The Gentle Way Media Site - Tom T. Moore


Exit strategy you might ask after an earthquake?  Why not just have 3 days, one week, or even a month of goods on hand and ride it out?  After all, the local, state and U.S. governments will step in and restore water and electricity, right?

Yes, IF it is just a localized event.  But if you live in one of the high earthquake probability zones such as the North American West Coast or the Mississippi Valley, there is the worst-case possibility of multiple earthquakes along fault lines that run for hundreds of miles, including a number still being discovered.  These fault lines travel through some of the most populated cities in the United States, Mexico, and Canada.  It’s one thing for say 50,000 or even 100,000 people to be without water and power for a few days.  But what if suddenly one million, three million, or even ten million people find themselves without food, water, and electricity for MONTHS?  Then you have the extreme probability of hundreds of thousands of people starving to death.  Think how dangerous that will be.  There is no way our governments and organizations like the Red Cross or Salvation Army can feed that many people even one meal a day. 

So as people become more desperate you will see mobs searching for food and water—and of course valuables—in one sub-division after another.  It’s impossible to protect your family against that type of onslaught.  Your best bet is to leave the area IMMEDIATELY upon learning of widespread destruction. 

And there’s another reason for leaving the area.  Have you seen the news reports of the dust kicked up in the air by earthquakes?  This is very toxic as you can imagine, and there will not be just one earthquake, but many aftershocks, some close to the original magnitude of the first one.  As an example, since September 4, 2010 when Christchurch, New Zealand had a 7.1 earthquake that destroyed quite a bit of their downtown area and killing a number of people, they have had over 10,000 aftershocks!  Once the West Coast begins to shake, I don’t think it will stop for many months or even years.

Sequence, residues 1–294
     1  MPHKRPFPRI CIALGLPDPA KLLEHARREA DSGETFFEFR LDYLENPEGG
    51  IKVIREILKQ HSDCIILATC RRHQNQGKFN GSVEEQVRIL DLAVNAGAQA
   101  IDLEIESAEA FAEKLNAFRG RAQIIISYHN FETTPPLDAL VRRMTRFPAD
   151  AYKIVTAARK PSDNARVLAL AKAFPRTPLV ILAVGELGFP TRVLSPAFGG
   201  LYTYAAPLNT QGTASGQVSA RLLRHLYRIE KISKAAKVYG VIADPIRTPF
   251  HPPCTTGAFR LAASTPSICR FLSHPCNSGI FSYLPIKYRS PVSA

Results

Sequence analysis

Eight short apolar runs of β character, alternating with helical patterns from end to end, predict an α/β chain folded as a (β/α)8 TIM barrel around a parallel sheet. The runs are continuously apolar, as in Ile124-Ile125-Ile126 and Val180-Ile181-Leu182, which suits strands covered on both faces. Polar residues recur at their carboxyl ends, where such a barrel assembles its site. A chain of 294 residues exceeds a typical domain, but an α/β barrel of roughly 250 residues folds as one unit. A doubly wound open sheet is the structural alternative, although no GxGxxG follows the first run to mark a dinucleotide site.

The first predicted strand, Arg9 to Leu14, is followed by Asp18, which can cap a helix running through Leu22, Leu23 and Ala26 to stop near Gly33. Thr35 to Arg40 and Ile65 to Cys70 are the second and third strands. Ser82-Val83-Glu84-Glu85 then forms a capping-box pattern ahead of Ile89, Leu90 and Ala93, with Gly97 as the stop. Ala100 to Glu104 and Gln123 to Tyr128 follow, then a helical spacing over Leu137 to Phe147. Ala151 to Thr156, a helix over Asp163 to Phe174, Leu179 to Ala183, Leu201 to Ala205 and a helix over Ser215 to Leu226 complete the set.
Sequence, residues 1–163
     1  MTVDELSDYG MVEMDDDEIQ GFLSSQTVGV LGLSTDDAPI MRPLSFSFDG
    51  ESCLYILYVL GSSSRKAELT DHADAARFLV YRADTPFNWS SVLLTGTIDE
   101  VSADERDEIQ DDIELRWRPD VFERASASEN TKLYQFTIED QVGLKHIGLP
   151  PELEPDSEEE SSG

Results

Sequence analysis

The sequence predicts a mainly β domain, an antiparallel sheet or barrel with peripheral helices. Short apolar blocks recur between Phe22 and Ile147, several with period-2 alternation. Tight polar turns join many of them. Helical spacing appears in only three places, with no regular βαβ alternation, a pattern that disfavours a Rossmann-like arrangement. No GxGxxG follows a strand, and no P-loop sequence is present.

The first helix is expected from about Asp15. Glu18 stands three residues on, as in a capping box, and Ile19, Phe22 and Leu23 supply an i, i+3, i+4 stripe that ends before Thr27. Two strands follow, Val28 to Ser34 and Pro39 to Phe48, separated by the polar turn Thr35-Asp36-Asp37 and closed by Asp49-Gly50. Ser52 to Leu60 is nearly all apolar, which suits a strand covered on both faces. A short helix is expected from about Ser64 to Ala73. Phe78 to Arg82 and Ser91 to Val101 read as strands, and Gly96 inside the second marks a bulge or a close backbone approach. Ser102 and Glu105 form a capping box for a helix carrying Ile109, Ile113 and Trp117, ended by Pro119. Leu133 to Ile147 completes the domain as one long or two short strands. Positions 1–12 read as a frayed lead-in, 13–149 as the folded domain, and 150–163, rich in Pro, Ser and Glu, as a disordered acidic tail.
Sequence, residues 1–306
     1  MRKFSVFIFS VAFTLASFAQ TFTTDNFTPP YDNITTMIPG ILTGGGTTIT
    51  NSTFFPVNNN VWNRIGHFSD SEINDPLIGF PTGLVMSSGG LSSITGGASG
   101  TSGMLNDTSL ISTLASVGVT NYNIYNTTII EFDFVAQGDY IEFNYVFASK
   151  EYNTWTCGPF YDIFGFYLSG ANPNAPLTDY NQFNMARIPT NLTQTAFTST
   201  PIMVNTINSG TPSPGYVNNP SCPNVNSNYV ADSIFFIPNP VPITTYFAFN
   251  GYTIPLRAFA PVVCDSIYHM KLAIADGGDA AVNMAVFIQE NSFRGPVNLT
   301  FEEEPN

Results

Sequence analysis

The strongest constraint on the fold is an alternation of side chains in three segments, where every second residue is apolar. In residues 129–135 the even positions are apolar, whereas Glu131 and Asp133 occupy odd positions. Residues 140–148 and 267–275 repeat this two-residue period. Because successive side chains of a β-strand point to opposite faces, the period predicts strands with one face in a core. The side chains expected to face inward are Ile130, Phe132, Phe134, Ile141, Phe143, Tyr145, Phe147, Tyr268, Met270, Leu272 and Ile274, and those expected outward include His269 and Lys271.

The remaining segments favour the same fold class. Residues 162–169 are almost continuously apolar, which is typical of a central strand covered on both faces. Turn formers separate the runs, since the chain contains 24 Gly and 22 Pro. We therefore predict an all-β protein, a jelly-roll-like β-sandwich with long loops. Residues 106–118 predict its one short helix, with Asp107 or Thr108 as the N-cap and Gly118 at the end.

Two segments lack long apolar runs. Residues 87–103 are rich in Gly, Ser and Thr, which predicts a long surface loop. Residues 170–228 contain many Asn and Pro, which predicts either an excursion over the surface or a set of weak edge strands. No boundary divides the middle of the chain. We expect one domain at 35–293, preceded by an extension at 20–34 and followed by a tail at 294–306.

So what plans can you make to prepare for “the big one?”

  1. Plan your route of escape.  Try to take roads that have NO bridges, or ones with side streets that bypass the bridges and overpasses, as there’s a good chance they will have collapsed or be unsafe to drive over.  
  2. If your family members are in different locations when the earthquake strikes, you need to have a plan to pick up the children, or to meet your loved ones at a particular meeting point.  
  3. Keep your cars tuned and with good tires.  You may have to drive on the shoulders of roads with debris at times.
  4. Try to continually refill your gas tank at the half-way point instead of waiting until it’s almost empty.  There will be no electricity to pump gas, so you’ll have to go with what’s in the gas tank. 
  5. Consider buying a satellite radio for each vehicle and an Emergency Kit for each one, if you have not already done so. 
  6. Buy earthquake insurance, if at all possible, from a national insurance company.  You might find it easier to be compensated, especially if you can spare five minutes to take photos of your dwelling and damage. 


So here are the TOP 10 THINGS TO PACK in preparation for widespread earthquakes:

  6.     IMPORTANT PAPERS—Copies of Birth Certificates, Passports, Financial, Life & House/Property Insurance & Contact Info, Auto Insurance Policies,
  9.     MEDICINES--Plus copies of prescriptions, ID photos & Emergency med info
  10.     PET FOOD & SUPPLIES—At least 2 weeks minimum